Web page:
Daily Reading: Genesis 9, 10, 11; Matthew 4
Then Jesus was led up by the Spirit into the wilderness to be tempted by the devil. (Matthew 4:1, NASB95)
In the story of Jesus’ temptation, the enemy is described with three titles: devil, Satan, and tempter.
- Devil (Matt. 4:1, 5, 8, 11; 13:39): in the Greek OT, devil is used consistently to translate the Hebrew word Satan.
- Satan (Matt. 4:10; 12:26; cf. Matt. 16:23 referring to Simon Peter): adversary, someone who opposes, obstructs, or accuses. It is used to describe one who stands against God’s people (Job 1:6, 7, 8; Zech. 3:1; 1 Chron. 21:1)
- Tempter (Matt. 4:3): he opposes God’s salvific plan and attempts to cause God’s people to fall.
In the parallel account of Luke (Lk. 4:1-13), only the title devil is used. Matthew further refers to the devil as Beelzebul (Matt. 10:25; 12:24, 27), the enemy (Matt. 13:39), and the evil one (Matt. 5:37; 6:13; 13:19, 38). In other accounts of testing Jesus, Satan uses people to accomplish his work, demonstrating the tempter’s power behind such actions (Matt. 12:38; 16:1; 19:3; 22:15, 18, 35). The whole world stands under the sway of the devil (1 Jn. 5:19), but Jesus came to destroy his works (1 Jn. 3:8). All who stand opposed to Jesus side with the devil. Even though many people will come against Jesus, they are only tools of His main enemy, the devil. Ephesians 6:12 reminds us, “For our struggle is not against flesh and blood, but against the rulers, against the powers, against the world forces of this darkness, against the spiritual forces of wickedness in the heavenly places.”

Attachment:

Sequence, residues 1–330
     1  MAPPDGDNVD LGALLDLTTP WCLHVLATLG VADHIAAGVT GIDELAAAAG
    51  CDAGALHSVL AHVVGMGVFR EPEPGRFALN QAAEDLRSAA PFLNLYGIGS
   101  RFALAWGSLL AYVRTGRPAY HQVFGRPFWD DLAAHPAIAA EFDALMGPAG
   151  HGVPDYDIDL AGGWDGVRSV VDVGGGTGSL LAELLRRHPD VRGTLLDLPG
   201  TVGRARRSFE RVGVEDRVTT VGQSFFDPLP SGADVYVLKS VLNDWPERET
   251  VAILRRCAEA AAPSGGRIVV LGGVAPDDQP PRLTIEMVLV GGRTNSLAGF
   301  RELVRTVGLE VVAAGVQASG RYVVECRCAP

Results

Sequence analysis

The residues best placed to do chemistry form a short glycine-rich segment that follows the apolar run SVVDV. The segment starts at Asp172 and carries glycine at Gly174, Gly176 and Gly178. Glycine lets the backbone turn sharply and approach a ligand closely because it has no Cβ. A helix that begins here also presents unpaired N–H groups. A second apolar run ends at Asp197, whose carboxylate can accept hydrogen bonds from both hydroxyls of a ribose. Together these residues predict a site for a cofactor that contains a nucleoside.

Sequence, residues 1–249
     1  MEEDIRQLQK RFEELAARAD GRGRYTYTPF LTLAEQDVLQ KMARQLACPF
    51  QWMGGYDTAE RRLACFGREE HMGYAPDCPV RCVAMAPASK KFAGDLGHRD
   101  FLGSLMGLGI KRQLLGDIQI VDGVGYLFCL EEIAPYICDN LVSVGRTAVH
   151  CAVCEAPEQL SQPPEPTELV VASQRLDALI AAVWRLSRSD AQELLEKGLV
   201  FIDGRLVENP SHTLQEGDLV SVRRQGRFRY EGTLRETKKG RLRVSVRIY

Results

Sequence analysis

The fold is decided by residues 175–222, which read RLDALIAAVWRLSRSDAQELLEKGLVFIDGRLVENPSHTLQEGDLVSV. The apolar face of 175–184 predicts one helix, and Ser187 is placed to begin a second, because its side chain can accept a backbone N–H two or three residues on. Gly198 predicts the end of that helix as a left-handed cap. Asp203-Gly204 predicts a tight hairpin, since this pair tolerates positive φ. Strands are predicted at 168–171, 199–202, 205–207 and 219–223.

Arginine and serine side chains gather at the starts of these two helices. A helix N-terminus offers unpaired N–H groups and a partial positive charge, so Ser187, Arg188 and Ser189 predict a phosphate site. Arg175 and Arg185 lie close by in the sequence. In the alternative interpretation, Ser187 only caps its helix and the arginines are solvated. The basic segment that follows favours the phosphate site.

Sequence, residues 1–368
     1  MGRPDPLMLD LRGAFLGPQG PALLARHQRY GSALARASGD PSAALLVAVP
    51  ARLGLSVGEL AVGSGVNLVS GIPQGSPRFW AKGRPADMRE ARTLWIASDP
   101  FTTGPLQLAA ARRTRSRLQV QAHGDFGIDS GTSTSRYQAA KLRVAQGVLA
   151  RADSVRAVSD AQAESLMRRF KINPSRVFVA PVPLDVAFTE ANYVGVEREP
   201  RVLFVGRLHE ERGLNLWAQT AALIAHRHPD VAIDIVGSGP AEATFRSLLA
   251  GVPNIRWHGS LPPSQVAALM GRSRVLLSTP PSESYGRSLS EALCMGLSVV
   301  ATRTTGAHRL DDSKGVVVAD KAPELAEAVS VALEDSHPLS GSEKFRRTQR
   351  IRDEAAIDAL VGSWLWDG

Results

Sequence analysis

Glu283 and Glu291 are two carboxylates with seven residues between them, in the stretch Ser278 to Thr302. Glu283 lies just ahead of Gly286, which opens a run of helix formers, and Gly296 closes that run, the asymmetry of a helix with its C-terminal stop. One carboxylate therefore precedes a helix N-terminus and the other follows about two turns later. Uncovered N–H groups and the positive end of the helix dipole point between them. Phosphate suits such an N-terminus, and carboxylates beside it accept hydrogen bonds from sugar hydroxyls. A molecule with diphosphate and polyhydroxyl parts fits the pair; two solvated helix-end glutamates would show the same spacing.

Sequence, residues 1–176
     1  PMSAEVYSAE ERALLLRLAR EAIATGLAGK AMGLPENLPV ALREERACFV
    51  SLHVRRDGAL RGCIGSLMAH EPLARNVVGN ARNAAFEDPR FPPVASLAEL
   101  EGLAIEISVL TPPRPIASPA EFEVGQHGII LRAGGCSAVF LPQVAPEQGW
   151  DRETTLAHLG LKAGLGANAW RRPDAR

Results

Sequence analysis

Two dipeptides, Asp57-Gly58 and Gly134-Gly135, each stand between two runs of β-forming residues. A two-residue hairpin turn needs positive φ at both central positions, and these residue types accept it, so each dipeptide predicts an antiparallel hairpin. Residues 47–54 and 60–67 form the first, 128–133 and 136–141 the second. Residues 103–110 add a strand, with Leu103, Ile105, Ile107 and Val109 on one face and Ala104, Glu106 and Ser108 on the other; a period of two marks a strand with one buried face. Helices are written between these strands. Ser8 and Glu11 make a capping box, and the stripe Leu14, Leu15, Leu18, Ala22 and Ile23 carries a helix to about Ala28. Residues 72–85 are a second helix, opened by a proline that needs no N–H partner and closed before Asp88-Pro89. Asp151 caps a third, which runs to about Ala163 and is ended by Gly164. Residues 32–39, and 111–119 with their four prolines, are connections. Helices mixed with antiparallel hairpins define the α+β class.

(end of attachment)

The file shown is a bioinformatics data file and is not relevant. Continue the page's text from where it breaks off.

Matthew makes it clear that Jesus was led by the Spirit into the wilderness for the purpose of being tempted by the devil. The Spirit is the agent of leading and the devil is the agent of testing. It was necessary that Jesus be tempted, yet remain sinless, so that He could be our High Priest and offer His body as a substitutionary atonement for our sins. The devil has His own nefarious purposes in opposing Jesus, yet God uses that testing for His glory. How did Jesus triumph over Satan? He yielded to the leading of the Holy Spirit, not following His own desires, but being completely submitted to the will of the Father. Jesus is victorious over Satan’s testing and is revealed to be God’s King and Saviour of the world. Whose side are you on? Have you yielded to the leading of the Holy Spirit?